People need to know that state and district policies forbid teachers from spending time alone with students off site. The Bethel school board needs to do a better job enforcing these policies including making teachers and students aware of them.
By Nelson Oliveira
BETHEL — During a court hearing last week for a former Bethel teacher who sexually abused three children, the victims’ families told a judge that Brian Stroh seemed to them like a devoted friend.
He would take the boys to restaurants, concerts, sporting events, amusement parks and sometimes to his own house to play video games, according to court testimony.
“It all seemed so wonderful at the time,” one mother said.
Stroh was “everyone’s favorite teacher,” the woman’s husband wrote in a letter she read in court.
What those families didn’t realize was that the teacher was violating district and state policy — even before the sexual assault took place.
Schoolteachers are prohibited from spending time with students outside a school setting — even just to give them a lift — without another adult present, said Christine Carver, superintendent of schools in Bethel.
The district also urges teachers who might run into students outside of school to keep their interactions in a public setting.
“Teachers are role models and need to maintain a professional relationship with students and parents,” Carver said.
Stroh also failed to follow the Connecticut Code of Professional Responsibility for Teachers and the guidelines recommended by the Teacher Education and Mentoring Program, both of which include admonitions to maintain appropriate boundaries.
“Although all teachers want to maintain positive rapport with students, teachers are not friends; they are professionals and should maintain professional interactions,” a TEAM training module says.
Carver said that the district had no knowledge that Stroh had befriended some of his students and their families.
But while teachers are forbidden to have such contacts outside school, the parents involved in Stroh’s case are not the only ones unaware of such rules.
Dennis O’Brien, who has three kids in the Bethel school system, said he was not familiar with the policy. Although he doesn’t blame the district for what happened, he wishes there was better communication about teacher ethics.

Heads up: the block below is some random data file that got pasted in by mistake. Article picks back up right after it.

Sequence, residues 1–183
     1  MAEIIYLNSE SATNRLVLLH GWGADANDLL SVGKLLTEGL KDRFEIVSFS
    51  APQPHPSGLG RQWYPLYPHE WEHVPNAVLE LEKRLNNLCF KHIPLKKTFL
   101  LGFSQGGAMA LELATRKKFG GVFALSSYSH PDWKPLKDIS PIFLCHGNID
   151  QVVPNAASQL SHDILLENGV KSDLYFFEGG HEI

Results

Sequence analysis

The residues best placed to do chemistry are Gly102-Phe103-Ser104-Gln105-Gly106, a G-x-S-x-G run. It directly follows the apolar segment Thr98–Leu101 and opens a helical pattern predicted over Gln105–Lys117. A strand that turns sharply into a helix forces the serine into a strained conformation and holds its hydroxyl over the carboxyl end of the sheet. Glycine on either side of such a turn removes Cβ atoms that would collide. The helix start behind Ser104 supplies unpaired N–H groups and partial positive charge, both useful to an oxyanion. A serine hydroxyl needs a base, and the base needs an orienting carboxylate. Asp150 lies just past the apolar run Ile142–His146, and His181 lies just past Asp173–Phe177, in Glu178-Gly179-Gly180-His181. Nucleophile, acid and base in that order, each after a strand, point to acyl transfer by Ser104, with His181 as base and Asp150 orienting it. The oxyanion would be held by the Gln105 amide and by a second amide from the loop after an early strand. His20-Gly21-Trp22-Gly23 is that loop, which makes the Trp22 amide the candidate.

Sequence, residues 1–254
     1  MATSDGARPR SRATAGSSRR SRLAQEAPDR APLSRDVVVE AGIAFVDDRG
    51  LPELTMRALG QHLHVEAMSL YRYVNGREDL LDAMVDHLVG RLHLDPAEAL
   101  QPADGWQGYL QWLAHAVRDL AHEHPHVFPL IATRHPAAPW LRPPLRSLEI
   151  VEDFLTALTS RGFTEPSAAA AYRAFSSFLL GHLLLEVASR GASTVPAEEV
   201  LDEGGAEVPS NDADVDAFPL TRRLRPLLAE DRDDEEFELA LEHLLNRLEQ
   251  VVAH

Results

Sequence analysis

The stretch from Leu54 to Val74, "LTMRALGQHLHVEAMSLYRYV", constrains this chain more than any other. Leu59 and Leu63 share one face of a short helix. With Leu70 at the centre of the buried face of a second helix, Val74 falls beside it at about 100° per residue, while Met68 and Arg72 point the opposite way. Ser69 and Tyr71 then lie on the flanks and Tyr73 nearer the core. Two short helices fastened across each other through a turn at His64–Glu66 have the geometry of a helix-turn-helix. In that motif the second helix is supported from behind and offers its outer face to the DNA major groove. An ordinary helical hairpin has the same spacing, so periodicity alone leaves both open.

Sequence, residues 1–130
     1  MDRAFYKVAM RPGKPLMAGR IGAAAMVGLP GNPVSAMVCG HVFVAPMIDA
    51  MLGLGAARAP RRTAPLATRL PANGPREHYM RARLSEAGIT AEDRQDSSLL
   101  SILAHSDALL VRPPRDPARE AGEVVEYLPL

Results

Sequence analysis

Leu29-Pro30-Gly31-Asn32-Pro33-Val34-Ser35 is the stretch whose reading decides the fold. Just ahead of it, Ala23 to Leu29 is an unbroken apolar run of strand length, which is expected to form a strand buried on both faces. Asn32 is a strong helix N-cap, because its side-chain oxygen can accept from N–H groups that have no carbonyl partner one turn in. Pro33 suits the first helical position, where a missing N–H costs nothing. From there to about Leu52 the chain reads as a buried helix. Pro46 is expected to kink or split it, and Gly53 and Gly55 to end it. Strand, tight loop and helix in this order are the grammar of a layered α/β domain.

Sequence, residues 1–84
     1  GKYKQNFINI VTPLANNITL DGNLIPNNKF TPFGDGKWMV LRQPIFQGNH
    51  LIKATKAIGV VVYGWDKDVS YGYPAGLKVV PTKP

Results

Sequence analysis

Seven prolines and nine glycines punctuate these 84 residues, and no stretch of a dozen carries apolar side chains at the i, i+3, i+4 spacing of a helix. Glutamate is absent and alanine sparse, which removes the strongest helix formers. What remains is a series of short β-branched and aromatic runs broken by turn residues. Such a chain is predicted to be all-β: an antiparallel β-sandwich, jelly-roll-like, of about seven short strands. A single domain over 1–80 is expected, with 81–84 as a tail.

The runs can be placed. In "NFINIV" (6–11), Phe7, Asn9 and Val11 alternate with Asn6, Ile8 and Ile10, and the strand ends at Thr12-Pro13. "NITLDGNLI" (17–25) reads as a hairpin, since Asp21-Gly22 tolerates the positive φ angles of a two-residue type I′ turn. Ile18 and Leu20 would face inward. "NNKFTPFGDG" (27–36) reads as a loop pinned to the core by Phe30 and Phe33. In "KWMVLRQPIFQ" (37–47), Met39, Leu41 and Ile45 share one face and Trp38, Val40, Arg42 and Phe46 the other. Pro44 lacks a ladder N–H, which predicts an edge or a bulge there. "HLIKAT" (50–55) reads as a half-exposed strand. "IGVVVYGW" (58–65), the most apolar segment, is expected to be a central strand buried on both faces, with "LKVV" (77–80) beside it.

Even Stroh’s attorney, Norman Pattis, said the case should be a wake-up call to every parent.
“This case sends a message to the community,” Pattis told the court on Thursday. “People need to be more suspicious and ask more questions.”
Stroh, 31, of New Fairfield, was a first-grade teacher at Berry Elementary School when State Police learned that he sexually assaulted three boys — ages 6, 9, and 11 — during a sleepover in his house.
He pleaded no contest to risk of injury to a minor and promoting a minor in an obscene performance, and was sentenced Thursday to 18 months in prison and 25 years of probation.
During the sentencing proceedings, Stroh told the court there were “years of nothing but positive interactions” between him and the victims’ families.
He said he sometimes volunteered to watch one of the boys when the child’s mother was at work.
“I think that’s crazy,” O’Brien said. “It’s mixing business with pleasure… I would not let my kids’ teachers hang out with my children.”
Bethel was one of at least three Fairfield County towns where a teacher was accused of sexual assault last year.
Former Wilton public schools teacher and Sacred Heart University instructor Timothy Leonard was charged last February with sexually assaulting a 14-year-old boy in a movie theater parking lot.
In March, a first-year science teacher at Danbury High School was accused of inappropriate sexual contact with a 17- year-old male student. Police said Kayla Mooney, 24, of Danbury, had sex with the youth twice.
Mooney had a typical teacher-student relationship with the boy until he invited her to a concert on Halloween night at a downtown club, according to court records. After that, police said, they began trading emails on their school-issued accounts and then switched to cell phone messages.
Since Stroh’s behavior came to light, Carver said, the district has “reinforced” its ethical rules. But she urged parents to be fully aware of who their children are with.
“As a parent, I think that you always need to be cautious and vigilant about who you’re allowing your children to spend time with, especially when they’re unsupervised,” she said. “That should be a top priority.”
Another Bethel parent, Amy Gusitsch, agreed that parents should monitor their children’s interaction with teachers as closely as possible.
“As a parent, I would just recommend to be as involved in as many ways as you can with your children and with the schools,” she said. “I know it’s hard for parents who work, but be in communications and try to know what’s going on.”
It is interesting to note from The Children’s Center for Psychiatry that of children in 8th through 11th grade, about 3.5 million students (nearly 7%) surveyed reported having had physical sexual contact from an adult (most often a teacher or coach). The type of physical contact ranged from unwanted touching of their body, all the way up to sexual intercourse. And this statistic increases to about 4.5 million children (10%) when it takes other types of sexual misconduct into consideration, such as being shown pornography or being subjected to sexually explicit language or exhibitionism.